Twenty firefighters in the Midwest became infected with a gastrointestinal parasite after responding to a fire in a barn where 240 week-old calves were kept, according to a report today from the Centers for Disease Control and Prevention (CDC).
Investigators at the CDC determined that the firefighters, all men, were infected with an organism called Cryptosporidium parvum, a single-celled protozoan parasite, after fighting the blaze near the border of Michigan and Indiana last June.
The men reported symptoms such as diarrhea, abdominal cramps and fatigue, and it is likely that others who had no symptoms were also infected, the report said. For most, the illness subsided in a few days, but one man was hospitalized and had to have his gall bladder removed.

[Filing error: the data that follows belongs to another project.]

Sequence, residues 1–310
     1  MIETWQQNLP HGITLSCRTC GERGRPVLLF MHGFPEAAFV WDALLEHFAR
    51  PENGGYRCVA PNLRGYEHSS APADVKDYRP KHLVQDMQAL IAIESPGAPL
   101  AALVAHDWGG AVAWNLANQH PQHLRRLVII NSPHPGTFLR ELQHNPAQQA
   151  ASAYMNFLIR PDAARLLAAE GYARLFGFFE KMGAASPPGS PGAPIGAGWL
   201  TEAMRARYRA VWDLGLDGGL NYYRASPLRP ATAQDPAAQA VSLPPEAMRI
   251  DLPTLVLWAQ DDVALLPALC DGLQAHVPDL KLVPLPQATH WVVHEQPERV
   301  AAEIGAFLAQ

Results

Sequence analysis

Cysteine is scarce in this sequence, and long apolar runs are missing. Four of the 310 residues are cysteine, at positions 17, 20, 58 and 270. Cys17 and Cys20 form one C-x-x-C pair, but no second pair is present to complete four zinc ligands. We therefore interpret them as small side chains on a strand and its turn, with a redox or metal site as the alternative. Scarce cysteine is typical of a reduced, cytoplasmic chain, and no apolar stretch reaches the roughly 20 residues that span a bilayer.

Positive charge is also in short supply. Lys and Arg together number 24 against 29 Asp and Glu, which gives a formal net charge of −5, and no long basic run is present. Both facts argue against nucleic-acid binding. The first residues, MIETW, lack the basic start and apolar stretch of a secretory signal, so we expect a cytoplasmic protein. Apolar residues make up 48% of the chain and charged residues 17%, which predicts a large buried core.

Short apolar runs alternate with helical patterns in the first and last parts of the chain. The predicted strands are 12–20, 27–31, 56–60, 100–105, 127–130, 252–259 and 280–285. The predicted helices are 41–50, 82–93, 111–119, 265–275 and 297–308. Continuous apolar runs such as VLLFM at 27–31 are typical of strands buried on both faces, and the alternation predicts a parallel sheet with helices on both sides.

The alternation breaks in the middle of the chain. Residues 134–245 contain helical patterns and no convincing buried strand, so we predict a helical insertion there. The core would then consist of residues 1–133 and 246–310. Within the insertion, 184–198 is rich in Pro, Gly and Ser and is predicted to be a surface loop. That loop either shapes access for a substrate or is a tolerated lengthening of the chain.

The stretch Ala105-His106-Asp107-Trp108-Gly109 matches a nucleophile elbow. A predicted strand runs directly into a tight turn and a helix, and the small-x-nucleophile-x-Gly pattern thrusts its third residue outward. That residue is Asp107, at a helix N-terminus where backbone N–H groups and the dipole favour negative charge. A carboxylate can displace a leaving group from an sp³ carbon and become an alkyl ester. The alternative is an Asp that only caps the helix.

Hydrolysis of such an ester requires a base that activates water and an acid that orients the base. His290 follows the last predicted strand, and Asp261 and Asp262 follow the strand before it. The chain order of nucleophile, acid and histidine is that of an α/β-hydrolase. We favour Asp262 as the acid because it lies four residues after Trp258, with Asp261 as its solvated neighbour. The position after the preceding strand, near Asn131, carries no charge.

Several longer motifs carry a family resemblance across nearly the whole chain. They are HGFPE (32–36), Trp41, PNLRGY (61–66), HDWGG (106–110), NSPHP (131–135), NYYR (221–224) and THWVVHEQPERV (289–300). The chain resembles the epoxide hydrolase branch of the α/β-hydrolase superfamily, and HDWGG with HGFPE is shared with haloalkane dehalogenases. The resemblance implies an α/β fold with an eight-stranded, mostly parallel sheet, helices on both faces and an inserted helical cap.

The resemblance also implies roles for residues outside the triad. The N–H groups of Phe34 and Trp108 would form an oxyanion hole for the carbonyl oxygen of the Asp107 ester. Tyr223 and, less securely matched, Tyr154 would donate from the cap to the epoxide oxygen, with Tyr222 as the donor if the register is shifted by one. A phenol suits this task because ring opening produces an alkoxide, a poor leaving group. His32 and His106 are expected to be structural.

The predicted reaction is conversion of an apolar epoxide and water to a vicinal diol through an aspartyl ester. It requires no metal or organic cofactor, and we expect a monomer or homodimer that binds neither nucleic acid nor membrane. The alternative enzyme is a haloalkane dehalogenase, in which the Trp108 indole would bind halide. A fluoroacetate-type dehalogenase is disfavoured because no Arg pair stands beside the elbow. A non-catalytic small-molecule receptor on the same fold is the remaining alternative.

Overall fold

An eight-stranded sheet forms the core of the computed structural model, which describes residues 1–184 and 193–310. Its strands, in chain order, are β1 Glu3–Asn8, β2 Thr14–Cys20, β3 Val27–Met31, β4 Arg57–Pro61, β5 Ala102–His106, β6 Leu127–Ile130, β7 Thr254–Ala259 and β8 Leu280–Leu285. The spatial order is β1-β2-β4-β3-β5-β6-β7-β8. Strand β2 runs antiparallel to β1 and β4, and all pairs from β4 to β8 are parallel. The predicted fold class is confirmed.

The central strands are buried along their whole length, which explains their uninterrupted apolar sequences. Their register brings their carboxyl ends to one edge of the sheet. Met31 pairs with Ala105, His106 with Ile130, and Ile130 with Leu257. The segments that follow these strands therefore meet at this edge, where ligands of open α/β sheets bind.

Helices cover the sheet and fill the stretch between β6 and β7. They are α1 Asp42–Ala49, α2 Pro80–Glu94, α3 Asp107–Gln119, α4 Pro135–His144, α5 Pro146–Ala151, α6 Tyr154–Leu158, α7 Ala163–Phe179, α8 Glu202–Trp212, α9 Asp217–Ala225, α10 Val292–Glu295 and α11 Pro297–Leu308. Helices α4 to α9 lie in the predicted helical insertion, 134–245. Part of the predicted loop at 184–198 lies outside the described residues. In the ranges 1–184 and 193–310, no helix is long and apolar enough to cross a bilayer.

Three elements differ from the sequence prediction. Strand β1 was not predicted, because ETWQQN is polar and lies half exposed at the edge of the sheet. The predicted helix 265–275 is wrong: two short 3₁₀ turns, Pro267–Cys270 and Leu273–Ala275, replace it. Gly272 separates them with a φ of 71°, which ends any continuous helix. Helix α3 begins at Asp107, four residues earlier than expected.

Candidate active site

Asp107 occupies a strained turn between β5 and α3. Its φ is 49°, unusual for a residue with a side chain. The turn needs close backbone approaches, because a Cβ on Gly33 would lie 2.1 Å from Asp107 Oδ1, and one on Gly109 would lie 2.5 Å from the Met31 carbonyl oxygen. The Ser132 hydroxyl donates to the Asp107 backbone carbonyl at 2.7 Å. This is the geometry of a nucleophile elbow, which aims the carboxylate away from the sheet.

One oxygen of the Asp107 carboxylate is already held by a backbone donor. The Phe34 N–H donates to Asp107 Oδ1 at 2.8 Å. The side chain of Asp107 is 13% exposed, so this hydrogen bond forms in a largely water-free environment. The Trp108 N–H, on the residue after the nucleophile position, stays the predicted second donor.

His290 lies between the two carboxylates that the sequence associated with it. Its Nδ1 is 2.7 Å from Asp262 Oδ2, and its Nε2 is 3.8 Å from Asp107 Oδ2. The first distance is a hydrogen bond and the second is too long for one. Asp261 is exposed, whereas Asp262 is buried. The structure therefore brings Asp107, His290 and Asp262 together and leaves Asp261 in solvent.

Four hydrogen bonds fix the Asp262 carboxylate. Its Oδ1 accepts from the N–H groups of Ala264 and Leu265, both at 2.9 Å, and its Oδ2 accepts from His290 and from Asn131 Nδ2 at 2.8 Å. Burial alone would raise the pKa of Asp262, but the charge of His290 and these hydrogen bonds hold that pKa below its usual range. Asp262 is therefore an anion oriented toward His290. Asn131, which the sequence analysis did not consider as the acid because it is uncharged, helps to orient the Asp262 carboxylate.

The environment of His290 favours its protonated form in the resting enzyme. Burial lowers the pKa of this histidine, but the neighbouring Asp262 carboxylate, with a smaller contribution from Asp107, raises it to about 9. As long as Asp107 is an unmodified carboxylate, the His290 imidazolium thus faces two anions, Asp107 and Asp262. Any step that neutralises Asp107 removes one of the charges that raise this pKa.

Direct contact with calves in the barn likely led to most of the infections. The firefighters had touched the animals, carrying or leading them out of the barn. Among the 20 sick men, only two did not report direct calf contact.
Water from a swimming pond near the barn was used to extinguish the fire; it was likely contaminated with fecal matter from the animals. The firefighters may have been infected when they washed themselves with water from a swimming pond.
Cryptosporidium has previously been linked to gastrointestinal illness outbreaks associated with waterparks, contaminated municipal water sources and exposure to young livestock.
People can avoid Cryptosporidium infections with thorough hand-washing, not swimming while experiencing diarrhea, minimizing contact with animal feces, and treating or avoiding using contaminated water, the report said.
Cryptosporidium is not inactivated readily by alcohol-based hand sanitizers.
This story was provided by MyHealthNewsDaily, a sister site to LiveScience.